ple, a supplier must certify that it is a manufacturer or regular dealer
of the solicited items, so as to avoid sales to the government by mid-
dlemen, who tend to boost prices and insulate the true supplier from
liability. In its proposal, the supplier must also certify that its prices
are based on established catalog or market prices of commercial items
sold in substantial quantities to the general public. Moreover, a sup-
plier must agree to disclose all discounts and rebates during the life
of the MAS contract and must sell only approved items at approved
prices.

   *The record reflects that Goldstein was "indicted for, and pled guilty
to, some of the same practices described in the [amended complaints] in
relation to each of the Defendants." (J.A. 216).
6               UNITED STATES v. FABRICARE DRAPERIES
   Goldstein alleges that the defendants engaged in fraudulent conduct
with regard to two GSA solicitations, one for the period of 1990 to
1995, and the other for the period of 1995 to 1999. By these solicita-
tions, GSA sought proposals from qualified suppliers of draperies,
bedspreads, blinds, and related hardware and items. The vast majority
of the FCA claims brought by Goldstein allege that the defendants
were unqualified for any MAS contract, i.e., that the defendants
fraudulently induced the government into awarding the MAS con-
tracts to the defendants by making numerous false statements in their
respective proposals. Goldstein alleges, inter alia, that the defendants
were untruthful when they certified in their respective proposals that
their prices were based on established catalog or market prices of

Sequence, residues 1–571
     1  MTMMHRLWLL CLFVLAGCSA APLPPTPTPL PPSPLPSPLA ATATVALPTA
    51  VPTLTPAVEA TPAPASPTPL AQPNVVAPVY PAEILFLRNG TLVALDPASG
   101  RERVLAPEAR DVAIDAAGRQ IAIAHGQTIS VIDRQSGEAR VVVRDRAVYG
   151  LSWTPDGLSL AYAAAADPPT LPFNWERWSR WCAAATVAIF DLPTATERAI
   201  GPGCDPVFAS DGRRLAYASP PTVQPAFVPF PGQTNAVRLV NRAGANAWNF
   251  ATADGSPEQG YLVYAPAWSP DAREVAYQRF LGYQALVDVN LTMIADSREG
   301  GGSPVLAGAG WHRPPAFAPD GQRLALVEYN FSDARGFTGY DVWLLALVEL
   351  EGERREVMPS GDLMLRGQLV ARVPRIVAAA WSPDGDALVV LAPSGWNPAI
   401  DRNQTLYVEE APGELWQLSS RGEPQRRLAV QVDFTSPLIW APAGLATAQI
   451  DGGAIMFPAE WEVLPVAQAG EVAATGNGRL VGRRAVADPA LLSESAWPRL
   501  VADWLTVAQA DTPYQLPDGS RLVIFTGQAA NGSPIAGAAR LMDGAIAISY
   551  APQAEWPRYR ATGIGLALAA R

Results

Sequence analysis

commercial items sold in substantial quantities to the general public.
He also alleges that the defendants used falsified price lists in their
respective proposals. Goldstein makes the further allegation that the
defendants were often untruthful when they certified in their respec-
tive proposals that they were the manufacturer of the goods they were
selling the government.

   In response to Goldstein’s amended complaints, the defendants
involved in this appeal filed motions to dismiss pursuant to Rule 9(b).
In March and April 2003, the district court dismissed the amended
complaints without leave to amend, concluding that the amended
complaints did not comply with Rule 9(b). Goldstein noted timely
appeals and we consolidated the appeals for disposition.

                                   II

   On appeal, Goldstein contends that the district court erred when it
dismissed the amended complaints as insufficient under Rule 9(b). He
further contends that the district court was precluded from dismissing
the amended complaint against Cresthill under Rule 9(b) because
Cresthill filed an answer to the original complaint and engaged in
some discovery.

   Having reviewed the briefs, the record, the arguments of counsel,
and the relevant law, we hold that the district court correctly con-
cluded that Goldstein’s amended complaints did not set forth the time,
place, content, and individuals involved in the alleged frauds with the
requisite particularity as required by Rule 9(b). Harrison v. Westing-
                UNITED STATES v. FABRICARE DRAPERIES                7
house Savannah River Co., 176 F.3d 776, 784-94 (4th Cir. 1999).
Moreover, we find no merit to Goldstein’s contention that the district
court was precluded from dismissing the amended complaint against
Cresthill pursuant to Rule 9(b). Accordingly, we affirm.

                                                         AFFIRMED

								
To top